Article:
Every effort must be made to prevent the development of hypertrophic scars or keloids after surgery or trauma. The importance of excellent surgical technique and efforts to prevent post-surgical infection cannot be underestimated (see Box 3 and for further information see Harahap, 1999, Surgical Techniques for Cutaneous Scar Revision). Early wound closure, maximum dermal salvage and other features of preventive burns care are important in optimising burn scar management.


Special attention should be given to high-risk patients i.e. those who have previously suffered abnormal scarring, or are undergoing a procedure with a high incidence of scarring, such as breast and thoracic surgery (Box 4). To our knowledge there has been no large-scale assessment of scar outcomes and risk factors.


Preventive techniques are recommended for patients at high-risk of abnormal scarring.


Based on the panel’s experience, use of hypoallergenic microporous tape with elastic properties should be considered to minimise the risk from shearing. Use of taping for a number of weeks following surgery is standard practice for the majority of panel members. Although there is no evidence in the literature to support this

practice for scar management it does provide a protective layer that prevents wound trauma from scratching and UV exposure.


Silicone gel sheeting should be considered as first-line prophylaxis based on clinical evidence and is recommended for all high-risk patients. Use of silicone gel sheeting should begin soon after surgi- cal closure, when the incision has fully epithelialised, and be con- tinued for at least one month. Silicone gel sheets should be worn for a minimum of 12 hours daily, and if possible for 24 hours per day, with twice daily washing. Specific silicone products differ in thickness, adhesion and convenience, all of which may influence compliance and efficacy. Silicone ointments may be preferable for the patient, particularly on the face and neck regions, although unlike silicone gel sheeting, their efficacy in preventing scarring is unsupported by controlled trials.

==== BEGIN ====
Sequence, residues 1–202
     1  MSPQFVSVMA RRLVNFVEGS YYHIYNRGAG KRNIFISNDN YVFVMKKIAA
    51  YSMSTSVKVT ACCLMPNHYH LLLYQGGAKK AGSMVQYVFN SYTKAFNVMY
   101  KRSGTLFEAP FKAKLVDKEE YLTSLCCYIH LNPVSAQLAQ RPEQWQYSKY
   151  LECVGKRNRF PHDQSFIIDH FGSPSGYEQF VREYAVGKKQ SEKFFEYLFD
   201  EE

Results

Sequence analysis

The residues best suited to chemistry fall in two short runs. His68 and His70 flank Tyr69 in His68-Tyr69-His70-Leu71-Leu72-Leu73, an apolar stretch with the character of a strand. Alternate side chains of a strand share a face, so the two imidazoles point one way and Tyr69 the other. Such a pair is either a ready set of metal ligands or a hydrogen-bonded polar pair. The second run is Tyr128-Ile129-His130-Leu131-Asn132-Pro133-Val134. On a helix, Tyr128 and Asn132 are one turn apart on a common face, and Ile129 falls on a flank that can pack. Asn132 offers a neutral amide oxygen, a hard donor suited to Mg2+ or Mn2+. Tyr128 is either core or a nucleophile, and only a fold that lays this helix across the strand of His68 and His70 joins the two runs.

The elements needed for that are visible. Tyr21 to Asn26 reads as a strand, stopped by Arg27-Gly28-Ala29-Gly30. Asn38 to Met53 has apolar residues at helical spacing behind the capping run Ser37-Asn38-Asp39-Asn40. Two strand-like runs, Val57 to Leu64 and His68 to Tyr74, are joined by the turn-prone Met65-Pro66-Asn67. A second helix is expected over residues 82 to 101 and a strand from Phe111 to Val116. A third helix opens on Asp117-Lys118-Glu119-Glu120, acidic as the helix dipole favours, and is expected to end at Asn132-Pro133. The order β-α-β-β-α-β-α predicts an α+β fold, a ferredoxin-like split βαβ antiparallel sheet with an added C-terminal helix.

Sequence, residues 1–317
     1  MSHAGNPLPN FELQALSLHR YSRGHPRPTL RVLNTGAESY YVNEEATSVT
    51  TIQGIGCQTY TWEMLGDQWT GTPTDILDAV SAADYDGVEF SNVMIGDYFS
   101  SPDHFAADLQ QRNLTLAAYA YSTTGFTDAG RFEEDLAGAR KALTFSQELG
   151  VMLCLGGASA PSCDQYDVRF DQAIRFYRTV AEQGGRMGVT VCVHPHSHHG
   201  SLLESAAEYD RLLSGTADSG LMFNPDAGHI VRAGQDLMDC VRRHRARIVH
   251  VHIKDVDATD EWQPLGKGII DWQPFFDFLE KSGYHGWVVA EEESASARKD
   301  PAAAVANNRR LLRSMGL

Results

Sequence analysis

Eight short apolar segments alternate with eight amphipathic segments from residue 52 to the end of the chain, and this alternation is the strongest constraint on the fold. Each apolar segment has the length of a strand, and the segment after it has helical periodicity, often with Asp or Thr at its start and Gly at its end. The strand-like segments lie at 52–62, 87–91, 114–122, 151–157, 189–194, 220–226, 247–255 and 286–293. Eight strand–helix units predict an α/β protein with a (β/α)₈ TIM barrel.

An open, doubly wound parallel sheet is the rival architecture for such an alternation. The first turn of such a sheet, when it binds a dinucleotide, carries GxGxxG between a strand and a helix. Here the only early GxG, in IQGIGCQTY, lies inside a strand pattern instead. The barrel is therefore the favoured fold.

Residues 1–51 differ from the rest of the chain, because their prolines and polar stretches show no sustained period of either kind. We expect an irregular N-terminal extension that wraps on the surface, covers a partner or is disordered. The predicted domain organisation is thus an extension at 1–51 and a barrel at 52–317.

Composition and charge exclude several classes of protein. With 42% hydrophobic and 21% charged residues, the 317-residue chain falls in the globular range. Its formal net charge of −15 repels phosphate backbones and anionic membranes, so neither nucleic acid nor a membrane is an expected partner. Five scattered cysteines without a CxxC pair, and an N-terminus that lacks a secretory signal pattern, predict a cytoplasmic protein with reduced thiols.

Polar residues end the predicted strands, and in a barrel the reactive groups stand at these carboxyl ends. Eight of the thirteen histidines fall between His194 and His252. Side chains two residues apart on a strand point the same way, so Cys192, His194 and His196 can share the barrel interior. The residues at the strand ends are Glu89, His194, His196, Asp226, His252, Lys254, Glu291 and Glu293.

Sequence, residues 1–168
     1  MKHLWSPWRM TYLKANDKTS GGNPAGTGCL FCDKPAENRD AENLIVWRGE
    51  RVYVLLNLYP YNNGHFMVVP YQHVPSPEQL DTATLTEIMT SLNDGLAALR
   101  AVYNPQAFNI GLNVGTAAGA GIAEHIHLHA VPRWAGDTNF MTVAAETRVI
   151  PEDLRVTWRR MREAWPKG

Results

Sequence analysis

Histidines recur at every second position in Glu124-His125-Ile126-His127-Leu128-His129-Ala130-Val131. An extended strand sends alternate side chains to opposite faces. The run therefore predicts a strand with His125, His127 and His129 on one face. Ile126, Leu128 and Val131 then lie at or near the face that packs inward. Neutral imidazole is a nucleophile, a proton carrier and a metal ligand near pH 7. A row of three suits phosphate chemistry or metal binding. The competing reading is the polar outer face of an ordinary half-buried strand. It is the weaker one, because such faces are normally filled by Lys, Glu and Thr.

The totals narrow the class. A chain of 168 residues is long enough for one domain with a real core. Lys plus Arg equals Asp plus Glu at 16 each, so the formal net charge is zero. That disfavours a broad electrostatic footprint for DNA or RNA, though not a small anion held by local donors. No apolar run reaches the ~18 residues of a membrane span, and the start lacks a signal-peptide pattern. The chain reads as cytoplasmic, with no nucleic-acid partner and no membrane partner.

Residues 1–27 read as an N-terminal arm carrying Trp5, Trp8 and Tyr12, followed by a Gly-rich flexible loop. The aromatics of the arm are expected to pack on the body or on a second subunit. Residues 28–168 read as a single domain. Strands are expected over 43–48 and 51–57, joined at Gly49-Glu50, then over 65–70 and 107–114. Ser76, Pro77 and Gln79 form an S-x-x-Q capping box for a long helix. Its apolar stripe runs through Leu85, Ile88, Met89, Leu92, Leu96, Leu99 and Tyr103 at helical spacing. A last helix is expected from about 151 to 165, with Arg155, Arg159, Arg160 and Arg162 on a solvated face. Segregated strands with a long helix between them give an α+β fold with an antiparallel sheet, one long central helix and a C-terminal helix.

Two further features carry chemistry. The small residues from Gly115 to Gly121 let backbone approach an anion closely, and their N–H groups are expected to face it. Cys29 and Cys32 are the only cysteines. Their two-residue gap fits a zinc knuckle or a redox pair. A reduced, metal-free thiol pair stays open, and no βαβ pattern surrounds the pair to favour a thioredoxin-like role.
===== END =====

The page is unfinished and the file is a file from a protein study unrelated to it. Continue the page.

The panel recommends concurrent intralesional corticosteroid injections as second line prophylaxis for more severe cases. The effectiveness of alternative therapies is limited to anecdotal evidence.


Those patients at low risk of scarring should maintain normal hygiene procedures, and be provided with counselling and advice if concerned about their scar.


Scar management

When patients present with a troublesome scar, appropriate therapy should be selected based on scar classification and patient history. Scar classification is the primary decision criterion for treatment selection. Patient history, however, provides particularly important information about the risk of the scar worsening should treatment fail, therapies which have previously been tried and the patient’s likely compliance. The degree of erythema has been identified as being of great importance in predicting the activity of the scar and response to therapy.